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Cooper, Henry Ernest (28 August 1857–15 May 1929), lawyer and politician, was born in New Albany, Indiana, the son of William Giles Cooper and Harriet A. Weller. The details of his childhood are unknown. Cooper received his law degree from Boston University in 1878 and was admitted to the bar that same year. Business interests in a railroad took him to San Diego, California, where he married Mary E. Porter in 1883; they had eight children....

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Dole, Sanford Ballard (23 April 1844–09 June 1926), president of the Republic of Hawaii and governor of the territory of Hawaii, was born in Honolulu, Hawaii, the son of Daniel Dole and Emily Hoyt Ballard, Congregational missionaries to the islands who superintended Punahou School. His father also served as pastor at the Seamen’s Bethel in Honolulu. His mother died when Dole was four days old, and he was cared for by other missionary families, first the Chamberlains and then the Bishops, until 1846, when his father married Charlotte Knapp, who raised him as her own son. Dole attended Punahou School, then spent his senior year (1866–1867) at Williams College in Williamstown, Massachusetts. Upon graduation he studied law for a year in Boston. On 10 September 1868 he passed the bar examination and was admitted to practice law in Suffolk County. “I look upon law,” Dole wrote to his parents, “as a possible stepping stone to influence and power in Government, where they need good men, and where a good man could, I think, do more for the nation, for morality and justice, than preaching to the natives.” He returned to Hawaii to open his law practice. In 1873 he married Anna Prentice Cate. They built a home on Emma Street in Honolulu and attended the Fort Street Church. Along with law, Dole continued numerous hobbies, from bird watching to yacht racing....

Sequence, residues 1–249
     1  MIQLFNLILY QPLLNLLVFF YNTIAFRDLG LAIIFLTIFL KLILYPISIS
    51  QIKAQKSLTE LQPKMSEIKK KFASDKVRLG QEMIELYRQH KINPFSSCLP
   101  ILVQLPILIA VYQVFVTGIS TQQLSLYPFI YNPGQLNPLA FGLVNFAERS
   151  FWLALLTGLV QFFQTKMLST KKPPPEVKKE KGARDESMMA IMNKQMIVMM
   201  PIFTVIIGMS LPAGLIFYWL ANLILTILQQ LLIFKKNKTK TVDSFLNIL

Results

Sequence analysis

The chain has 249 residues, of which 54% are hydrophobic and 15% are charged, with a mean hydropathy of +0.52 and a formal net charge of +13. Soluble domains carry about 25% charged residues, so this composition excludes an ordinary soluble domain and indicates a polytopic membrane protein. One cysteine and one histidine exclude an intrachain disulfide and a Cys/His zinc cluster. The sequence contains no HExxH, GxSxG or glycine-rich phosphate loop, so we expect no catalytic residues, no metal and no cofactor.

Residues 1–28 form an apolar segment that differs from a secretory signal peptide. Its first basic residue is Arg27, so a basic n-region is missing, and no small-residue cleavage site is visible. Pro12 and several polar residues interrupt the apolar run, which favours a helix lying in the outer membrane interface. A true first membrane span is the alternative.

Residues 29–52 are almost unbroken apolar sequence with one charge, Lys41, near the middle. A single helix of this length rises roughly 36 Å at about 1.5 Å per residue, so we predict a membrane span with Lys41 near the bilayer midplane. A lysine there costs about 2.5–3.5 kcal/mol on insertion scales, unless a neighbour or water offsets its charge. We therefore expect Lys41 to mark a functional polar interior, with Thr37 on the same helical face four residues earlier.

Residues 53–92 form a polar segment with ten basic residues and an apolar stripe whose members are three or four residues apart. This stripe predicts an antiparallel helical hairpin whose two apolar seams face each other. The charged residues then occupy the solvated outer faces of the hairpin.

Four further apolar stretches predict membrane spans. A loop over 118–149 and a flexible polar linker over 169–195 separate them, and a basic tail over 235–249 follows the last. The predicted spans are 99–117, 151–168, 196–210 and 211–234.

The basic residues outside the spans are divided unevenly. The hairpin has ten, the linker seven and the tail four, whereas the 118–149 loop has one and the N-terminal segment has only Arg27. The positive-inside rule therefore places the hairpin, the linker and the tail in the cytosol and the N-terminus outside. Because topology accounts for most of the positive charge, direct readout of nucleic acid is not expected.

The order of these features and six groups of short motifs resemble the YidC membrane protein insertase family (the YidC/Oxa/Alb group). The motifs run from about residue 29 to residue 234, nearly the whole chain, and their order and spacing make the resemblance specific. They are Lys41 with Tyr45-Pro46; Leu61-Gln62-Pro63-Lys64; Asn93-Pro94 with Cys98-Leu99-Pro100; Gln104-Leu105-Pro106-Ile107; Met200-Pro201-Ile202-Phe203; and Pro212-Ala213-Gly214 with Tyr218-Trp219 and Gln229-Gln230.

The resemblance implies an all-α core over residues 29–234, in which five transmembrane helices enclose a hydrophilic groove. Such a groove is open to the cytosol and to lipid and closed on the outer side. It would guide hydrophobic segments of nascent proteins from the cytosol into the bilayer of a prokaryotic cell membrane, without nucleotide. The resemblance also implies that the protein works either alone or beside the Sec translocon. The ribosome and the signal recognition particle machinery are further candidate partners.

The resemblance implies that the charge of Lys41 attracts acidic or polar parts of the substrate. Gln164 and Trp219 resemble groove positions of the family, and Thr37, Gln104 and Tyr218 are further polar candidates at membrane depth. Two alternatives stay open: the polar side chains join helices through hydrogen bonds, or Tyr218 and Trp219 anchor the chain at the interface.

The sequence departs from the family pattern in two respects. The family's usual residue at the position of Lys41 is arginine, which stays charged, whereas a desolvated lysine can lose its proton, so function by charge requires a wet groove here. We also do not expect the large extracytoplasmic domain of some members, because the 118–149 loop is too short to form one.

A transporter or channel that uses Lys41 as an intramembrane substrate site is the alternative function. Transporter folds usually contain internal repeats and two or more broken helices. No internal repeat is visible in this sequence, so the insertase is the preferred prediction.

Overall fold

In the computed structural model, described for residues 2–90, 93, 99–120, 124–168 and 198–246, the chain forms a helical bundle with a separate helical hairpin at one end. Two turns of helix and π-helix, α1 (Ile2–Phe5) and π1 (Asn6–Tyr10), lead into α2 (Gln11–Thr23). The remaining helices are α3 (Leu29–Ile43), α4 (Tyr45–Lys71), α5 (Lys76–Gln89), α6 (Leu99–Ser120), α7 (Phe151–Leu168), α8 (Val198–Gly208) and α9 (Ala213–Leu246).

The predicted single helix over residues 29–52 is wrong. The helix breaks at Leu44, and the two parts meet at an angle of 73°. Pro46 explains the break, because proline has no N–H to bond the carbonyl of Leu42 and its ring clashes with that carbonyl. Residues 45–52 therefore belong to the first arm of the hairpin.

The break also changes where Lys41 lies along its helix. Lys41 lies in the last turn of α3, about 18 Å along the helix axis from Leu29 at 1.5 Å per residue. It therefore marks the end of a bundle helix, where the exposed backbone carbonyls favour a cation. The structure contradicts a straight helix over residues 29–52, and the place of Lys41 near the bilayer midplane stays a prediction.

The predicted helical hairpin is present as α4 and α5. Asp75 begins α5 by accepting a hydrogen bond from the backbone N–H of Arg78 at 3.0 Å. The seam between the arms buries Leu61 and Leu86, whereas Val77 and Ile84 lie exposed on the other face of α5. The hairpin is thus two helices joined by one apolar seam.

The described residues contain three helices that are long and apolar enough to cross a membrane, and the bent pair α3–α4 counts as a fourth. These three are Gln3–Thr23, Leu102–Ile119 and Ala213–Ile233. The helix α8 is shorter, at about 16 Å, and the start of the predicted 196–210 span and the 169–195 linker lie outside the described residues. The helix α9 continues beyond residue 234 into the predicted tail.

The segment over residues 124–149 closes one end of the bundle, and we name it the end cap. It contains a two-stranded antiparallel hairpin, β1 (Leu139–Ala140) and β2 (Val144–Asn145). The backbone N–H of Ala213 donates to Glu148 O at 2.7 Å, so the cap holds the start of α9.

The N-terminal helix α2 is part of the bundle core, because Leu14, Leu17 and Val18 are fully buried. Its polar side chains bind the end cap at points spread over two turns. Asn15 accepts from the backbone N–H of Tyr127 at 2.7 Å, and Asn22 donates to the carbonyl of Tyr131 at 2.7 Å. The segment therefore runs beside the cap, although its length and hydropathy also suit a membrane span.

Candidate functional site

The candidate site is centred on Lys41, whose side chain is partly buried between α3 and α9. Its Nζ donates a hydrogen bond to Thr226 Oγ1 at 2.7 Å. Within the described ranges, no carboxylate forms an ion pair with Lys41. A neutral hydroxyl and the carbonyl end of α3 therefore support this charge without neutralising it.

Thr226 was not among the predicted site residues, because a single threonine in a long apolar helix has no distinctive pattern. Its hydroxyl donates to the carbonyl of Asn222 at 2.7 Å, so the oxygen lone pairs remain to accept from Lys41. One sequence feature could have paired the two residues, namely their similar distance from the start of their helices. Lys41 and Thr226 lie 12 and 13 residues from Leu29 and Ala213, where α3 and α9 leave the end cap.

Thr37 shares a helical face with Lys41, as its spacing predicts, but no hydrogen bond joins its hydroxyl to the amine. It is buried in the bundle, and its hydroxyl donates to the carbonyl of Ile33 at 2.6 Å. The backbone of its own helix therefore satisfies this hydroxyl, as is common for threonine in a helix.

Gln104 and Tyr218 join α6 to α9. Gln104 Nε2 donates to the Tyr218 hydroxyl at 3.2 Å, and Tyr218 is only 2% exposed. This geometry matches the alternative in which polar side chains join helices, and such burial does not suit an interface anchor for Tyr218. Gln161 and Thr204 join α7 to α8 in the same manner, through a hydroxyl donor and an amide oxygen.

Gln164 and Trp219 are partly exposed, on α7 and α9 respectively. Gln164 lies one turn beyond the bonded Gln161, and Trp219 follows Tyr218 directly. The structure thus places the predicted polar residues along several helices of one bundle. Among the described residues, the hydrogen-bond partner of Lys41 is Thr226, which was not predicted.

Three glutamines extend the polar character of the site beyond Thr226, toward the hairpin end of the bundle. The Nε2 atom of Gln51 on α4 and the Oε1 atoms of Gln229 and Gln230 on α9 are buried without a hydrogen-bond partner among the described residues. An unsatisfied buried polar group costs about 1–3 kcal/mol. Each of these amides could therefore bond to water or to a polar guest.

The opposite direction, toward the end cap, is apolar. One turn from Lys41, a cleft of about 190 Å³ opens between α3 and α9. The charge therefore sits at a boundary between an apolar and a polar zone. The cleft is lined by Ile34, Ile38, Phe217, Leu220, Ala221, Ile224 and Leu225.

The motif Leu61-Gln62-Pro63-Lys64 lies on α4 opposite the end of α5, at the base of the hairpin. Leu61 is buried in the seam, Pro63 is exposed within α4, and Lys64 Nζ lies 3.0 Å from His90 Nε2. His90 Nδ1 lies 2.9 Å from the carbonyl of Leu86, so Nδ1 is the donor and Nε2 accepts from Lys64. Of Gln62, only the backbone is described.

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Judd, Gerrit Parmele (23 April 1803–12 July 1873), physician, medical missionary, and Hawaiian government official and adviser, was born in Paris, New York, the son of Elnathan Judd, Jr., a physician, and Betsey Hastings. Being the eldest son of a physician, Judd took an early interest in the medical profession and attended medical school in Fairfield, Herkimer County, where he received his M.D. in 1825. In 1826 Judd dedicated his life to the missionary cause as directed by the Boston-based Congregational American Board of Commissioners for Foreign Missions (ABCFM). At this time the board was recruiting missionaries for the third company to join the Sandwich Islands Mission in Hawaii in the fall of 1827....

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Kuhio. Gelatin silver print, c. 1902, by James J. Williams. National Portrait Gallery, Smithsonian Institution; gift of the Bernice Pauahi Bishop Museum.

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Kuhio (26 March 1871–07 January 1922), prince of Hawaii and the islands' second territorial delegate to the U.S. Congress, prince of Hawaii and the islands’ second territorial delegate to the U.S. Congress, was born Jonah Kuhio Kalanianaole Piikoi at Kola, Kauai, to Princess Kekaulike Kinoike II and high chief David Kahalepouli Piikoi. His mother was related to the ancient kings of Maui and Hawaii, and her grandfather was King Kaumualii of Kauai....